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Space Café WebTalk 33 minutes with Adnan Al Muhairi – Why Next Gen? – The Thuraya Programme Recap

By Viktoria Urban

Adnan Al Muheiri; Credits: Yahsat

Our Space Café WebTalk “33 minutes with Adnan Al Muhairi – Why Next Gen? – The Thuraya Programme” took place on Tuesday, 31st May 2022.

Adnan Al Muhairi is the Chief Technology Officer of the Al Yah Satellite Communications Company (Yahsat), and has had a distinguished career in the space industry. He was part of a development program in South Korea as a research and development engineer working on the UAE’s first successful remote sensing spacecraft, Dubaisat-1 and Dubaisat-2. 

He has also worked on the UAE’s first communication spacecraft, Al Yah 1 and Al Yah 2, and he was the Program Director of the Al Yah 3 space communications system – a highly advanced space network that expanded Yahsat’s services into Brazil.

In 2020, Al Muhairi was featured by the US-based Space and Satellite Professionals International (SSPI) on their prestigious ’20 under 35′ list of most promising space and satellite professionals in the world. He is the first Emirati male space and satellite professional to be handpicked by SSPI for the honour.

Al Muhairi obtained a BSc in Avionics/Engineering Management from the Higher College of Technology. He then completed an intensive course in satellite systems engineering in South Korea, before completing masterclass training in Frequency Coordination at RPC Telecommunications. This was followed by ground station operations and maintenance training at VIASAT in the USA, before he earned an MBA from the Global Executive Program at the McDonough School of Business from Georgetown University in Washington DC.

Al Muhairi explains that Yahsat is a relatively young company, established in 2007. He joined the company in 2018, when it started integrating the teams and services that Yahsat and Thuraya provide. Together they hover over 150 countries providing services in L-band and C-band. With their five satellites, they are able to serve any solution that the customers desire from low data rate secure communications to very high throughput communications.

He says that the communication services that Yahsat provides to the UAE are essential, one of the most important aspects of the capabilities of any nation. The company participates in development, works with academia, and has a master’s degree program as well.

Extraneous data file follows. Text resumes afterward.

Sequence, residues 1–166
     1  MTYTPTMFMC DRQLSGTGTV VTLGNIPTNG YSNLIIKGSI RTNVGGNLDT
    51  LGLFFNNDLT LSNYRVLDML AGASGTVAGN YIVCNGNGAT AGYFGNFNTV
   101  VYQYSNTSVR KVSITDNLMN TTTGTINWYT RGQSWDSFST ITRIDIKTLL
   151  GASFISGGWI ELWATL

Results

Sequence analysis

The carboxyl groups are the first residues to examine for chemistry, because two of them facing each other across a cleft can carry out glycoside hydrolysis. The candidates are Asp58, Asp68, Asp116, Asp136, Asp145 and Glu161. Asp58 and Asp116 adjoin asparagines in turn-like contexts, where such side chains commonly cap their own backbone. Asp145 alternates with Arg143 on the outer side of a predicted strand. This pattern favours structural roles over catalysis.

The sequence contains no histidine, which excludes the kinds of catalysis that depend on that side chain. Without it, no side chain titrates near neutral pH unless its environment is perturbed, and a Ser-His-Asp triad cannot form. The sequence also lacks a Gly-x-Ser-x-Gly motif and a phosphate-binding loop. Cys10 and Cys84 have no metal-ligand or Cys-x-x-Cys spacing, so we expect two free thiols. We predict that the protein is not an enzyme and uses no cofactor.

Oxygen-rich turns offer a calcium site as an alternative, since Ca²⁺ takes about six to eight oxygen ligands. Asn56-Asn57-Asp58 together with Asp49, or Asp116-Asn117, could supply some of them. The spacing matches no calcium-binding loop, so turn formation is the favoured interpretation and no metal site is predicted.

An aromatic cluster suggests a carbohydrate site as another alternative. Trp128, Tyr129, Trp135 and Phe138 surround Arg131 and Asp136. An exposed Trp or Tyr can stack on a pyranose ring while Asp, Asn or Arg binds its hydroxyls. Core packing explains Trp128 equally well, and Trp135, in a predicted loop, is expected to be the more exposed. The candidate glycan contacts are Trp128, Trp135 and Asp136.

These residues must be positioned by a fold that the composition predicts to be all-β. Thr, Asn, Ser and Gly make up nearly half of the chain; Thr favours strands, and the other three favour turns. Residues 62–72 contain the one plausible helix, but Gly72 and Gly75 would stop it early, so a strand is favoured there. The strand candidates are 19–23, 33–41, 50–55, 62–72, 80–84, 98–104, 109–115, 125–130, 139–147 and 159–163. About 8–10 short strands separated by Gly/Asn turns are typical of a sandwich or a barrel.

“The growth of capabilities, the growth of knowledge within the economy and the country is very important for the next generation of students of engineers, and we believe in that strongly,” he states.

Yahsat provides its customers and partners the best service possible with continuous improvement. Al Muhairi claims that the demand is there, the customers need improved flexibility, higher throughput and security, which the company provides through its next generation of satellites. The next gen system is a transformation of the complete network, an MSS mobile satellite system. Yahsat currently has a satellite under manufacture at Airbus with nearly three times the capacity than that of the previous system. The security features have been increased significantly, as well as the flexibility and the performance.

The company is focused on geostationary Earth orbit (GEO) mainly, but it is also exploring ideas in low Earth orbit (LEO).

“Ultimately, in terms of providing the best service to the customers, the combination of LEO and GEO systems is going to give all the solution that customers need. So I do see a future of all these systems working at the same time providing those services to customers,” he states.

Al Muhairi says that Yahsat serves up to Northern Europe and down to the South African borders. However, the next gen system will completely cover the entire African continent.

He explains that sustainability is very important to the company and for the UAE as a whole. Yahsat therefore has integrated guidance into its policies to ensure that the firm is doing all it can to ensure it meets the goals both in space and on the ground. For example, the firm does not leave space debris behind but de-orbits its satellites adhering to international standards.

His vision for the next decade for the sat comms community is standardization:

“We need to move towards standards, meaning a lot of compatibility between different products, different systems, different satellite networks, because I believe that will create more value for the entire business,” he says.

To listen to the Space Café WebTalk’s insights, you can watch the full program here:

Viktoria Urban, contributing Editor at SpaceWatch.Global: After graduating as a Journalist from Edinburgh Napier University, I am now doing an Astronomy and Planetary Science degree at The Open University (Scotland) which has enhanced my already existing love and enthusiasm for space. I am also a member of and a volunteer for several societies both in Hungary and in the UK and write online content on space for multiple companies as well. I hope my science communication will encourage many to find a job in the space sector, whatever their background and highlight important issues to ensure a sustainable space environment for future generations.

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